Okay, what's the deal with the cow tax? The American Farm Bureau issued a release on November 20 saying it was opposed to allowing the Environmental Protection Agency to regulate greenhouse gases because this would lead to a tax on livestock. Cows and hogs belch and, well, you know, they emit other gases containing carbon. And carbon leads to global warming. The Farm Bureau executive director estimated that if there were a tax rate of $43.75 per ton of emitted greenhouse gases, then the fee would mean an annual assessment of $175 for each dairy cow, $87.50 for each head of beef cattle and $20 per hog. This caused a general "panic" in the farming community, according to the New York Times. "Our profit margin on the cattle we sell is about $87," said one Alabama cattleman. "If they pass this tax, it would take away all of our profit."

Cooler heads have prevailed, however. The newspaper in Florence, Alabama, quotes the president of the Alabama Cattleman's Association: "It's not going to happen. We've talked to EPA and they told us it's not even in their game plan." R-CALF, a cattle producers' group, issued a release saying there was no tax planned. “This so-called cow and pig tax has stirred up livestock producers everywhere, which is exactly what U.S. corporate agribusinesses and their respective trade associations want to happen, so that our attention is diverted away from the true issues immediately facing us,” said R-CALF USA CEO Bill Bullard. “This sort of spin has ““ temporarily ““ shifted the focus away from important issues like country-of-origin labeling (COOL), the examination of U.S. antitrust laws, the fight to prevent the introduction of diseases like BSE (bovine spongiform encephalopathy) and FMD (foot-and-mouth disease), as well as the anticompetitive effects from packer-owned livestock and other captive supply practices."

"> A Cow Tax? Say It Ain't So - Daily Yonder

A Cow Tax? Say It Ain’t So

Okay, what's the deal with the cow tax? The American Farm Bureau issued a release on November 20 saying it was opposed to allowing the Environmental Protection Agency to regulate greenhouse gases because this would lead to a tax on livestock. Cows and hogs belch and, well, you know, they emit other gases containing carbon. And carbon leads to global warming. The Farm Bureau executive director estimated that if there were a tax rate of $43.75 per ton of emitted greenhouse gases, then the fee would mean an annual assessment of $175 for each dairy cow, $87.50 for each head of beef cattle and $20 per hog. This caused a general "panic" in the farming community, according to the New York Times. "Our profit margin on the cattle we sell is about $87," said one Alabama cattleman. "If they pass this tax, it would take away all of our profit."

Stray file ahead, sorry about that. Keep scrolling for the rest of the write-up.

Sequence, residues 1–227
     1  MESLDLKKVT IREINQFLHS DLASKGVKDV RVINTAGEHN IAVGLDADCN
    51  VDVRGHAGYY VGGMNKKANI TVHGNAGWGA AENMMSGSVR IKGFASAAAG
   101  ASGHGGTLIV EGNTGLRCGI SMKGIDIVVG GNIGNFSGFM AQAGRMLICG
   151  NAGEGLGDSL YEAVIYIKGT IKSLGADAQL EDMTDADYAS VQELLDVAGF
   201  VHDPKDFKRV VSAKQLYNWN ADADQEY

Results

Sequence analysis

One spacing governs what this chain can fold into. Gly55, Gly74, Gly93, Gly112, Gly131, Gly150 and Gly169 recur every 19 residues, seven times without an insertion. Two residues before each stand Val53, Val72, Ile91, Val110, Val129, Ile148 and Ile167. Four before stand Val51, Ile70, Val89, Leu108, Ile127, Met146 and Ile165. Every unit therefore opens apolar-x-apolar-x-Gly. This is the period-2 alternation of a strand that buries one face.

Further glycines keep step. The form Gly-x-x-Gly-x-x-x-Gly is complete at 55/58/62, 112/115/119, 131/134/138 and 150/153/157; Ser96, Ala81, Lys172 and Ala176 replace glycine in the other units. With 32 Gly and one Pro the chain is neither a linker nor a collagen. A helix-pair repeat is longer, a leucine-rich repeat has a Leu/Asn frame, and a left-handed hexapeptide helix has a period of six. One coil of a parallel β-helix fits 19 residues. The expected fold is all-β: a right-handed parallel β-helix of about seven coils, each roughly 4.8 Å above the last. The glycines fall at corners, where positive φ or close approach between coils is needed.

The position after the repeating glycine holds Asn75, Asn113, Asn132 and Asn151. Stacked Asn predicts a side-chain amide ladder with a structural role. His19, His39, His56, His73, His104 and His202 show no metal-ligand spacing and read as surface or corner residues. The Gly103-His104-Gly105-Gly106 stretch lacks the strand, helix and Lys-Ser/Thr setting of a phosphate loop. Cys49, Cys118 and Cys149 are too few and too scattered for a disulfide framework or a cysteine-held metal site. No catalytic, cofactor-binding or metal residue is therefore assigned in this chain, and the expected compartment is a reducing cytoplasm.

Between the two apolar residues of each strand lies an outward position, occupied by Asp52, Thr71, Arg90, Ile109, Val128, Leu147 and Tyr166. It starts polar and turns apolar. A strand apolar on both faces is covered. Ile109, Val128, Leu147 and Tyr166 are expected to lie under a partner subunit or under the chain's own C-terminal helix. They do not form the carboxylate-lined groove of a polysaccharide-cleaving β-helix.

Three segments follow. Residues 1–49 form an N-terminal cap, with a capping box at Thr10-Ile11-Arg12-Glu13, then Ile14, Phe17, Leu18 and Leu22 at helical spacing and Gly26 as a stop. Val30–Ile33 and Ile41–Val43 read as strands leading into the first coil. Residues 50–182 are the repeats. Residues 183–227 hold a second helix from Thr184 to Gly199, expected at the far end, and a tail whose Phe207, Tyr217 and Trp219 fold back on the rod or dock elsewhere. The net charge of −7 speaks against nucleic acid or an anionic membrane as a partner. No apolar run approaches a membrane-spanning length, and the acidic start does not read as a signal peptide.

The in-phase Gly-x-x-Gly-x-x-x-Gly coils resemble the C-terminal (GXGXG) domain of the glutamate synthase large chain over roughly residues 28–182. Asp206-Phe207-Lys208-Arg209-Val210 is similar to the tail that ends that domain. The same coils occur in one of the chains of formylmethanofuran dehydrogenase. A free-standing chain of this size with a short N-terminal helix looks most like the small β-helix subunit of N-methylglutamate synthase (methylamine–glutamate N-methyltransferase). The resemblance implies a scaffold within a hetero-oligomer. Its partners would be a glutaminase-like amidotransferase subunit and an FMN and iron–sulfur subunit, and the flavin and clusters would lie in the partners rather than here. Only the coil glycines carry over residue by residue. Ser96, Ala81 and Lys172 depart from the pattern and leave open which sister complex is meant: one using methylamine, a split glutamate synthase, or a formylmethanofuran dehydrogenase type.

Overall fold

Cooler heads have prevailed, however. The newspaper in Florence, Alabama, quotes the president of the Alabama Cattleman's Association: "It's not going to happen. We've talked to EPA and they told us it's not even in their game plan." R-CALF, a cattle producers' group, issued a release saying there was no tax planned. "This so-called cow and pig tax has stirred up livestock producers everywhere, which is exactly what U.S. corporate agribusinesses and their respective trade associations want to happen, so that our attention is diverted away from the true issues immediately facing us," said R-CALF USA CEO Bill Bullard. "This sort of spin has "“ temporarily "“ shifted the focus away from important issues like country-of-origin labeling (COOL), the examination of U.S. antitrust laws, the fight to prevent the introduction of diseases like BSE (bovine spongiform encephalopathy) and FMD (foot-and-mouth disease), as well as the anticompetitive effects from packer-owned livestock and other captive supply practices."

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Okay, what's the deal with the cow tax? The American Farm Bureau issued a release on November 20 saying it was opposed to allowing the Environmental Protection Agency to regulate greenhouse gases because this would lead to a tax on livestock. Cows and hogs belch and, well, you know, they emit other gases containing carbon. And carbon leads to global warming. The Farm Bureau executive director estimated that if there were a tax rate of $43.75 per ton of emitted greenhouse gases, then the fee would mean an annual assessment of $175 for each dairy cow, $87.50 for each head of beef cattle and $20 per hog. This caused a general "panic" in the farming community, according to the New York Times. "Our profit margin on the cattle we sell is about $87," said one Alabama cattleman. "If they pass this tax, it would take away all of our profit."

Cooler heads have prevailed, however. The newspaper in Florence, Alabama, quotes the president of the Alabama Cattleman's Association: "It's not going to happen. We've talked to EPA and they told us it's not even in their game plan." R-CALF, a cattle producers' group, issued a release saying there was no tax planned. “This so-called cow and pig tax has stirred up livestock producers everywhere, which is exactly what U.S. corporate agribusinesses and their respective trade associations want to happen, so that our attention is diverted away from the true issues immediately facing us,” said R-CALF USA CEO Bill Bullard. “This sort of spin has ““ temporarily ““ shifted the focus away from important issues like country-of-origin labeling (COOL), the examination of U.S. antitrust laws, the fight to prevent the introduction of diseases like BSE (bovine spongiform encephalopathy) and FMD (foot-and-mouth disease), as well as the anticompetitive effects from packer-owned livestock and other captive supply practices."

 

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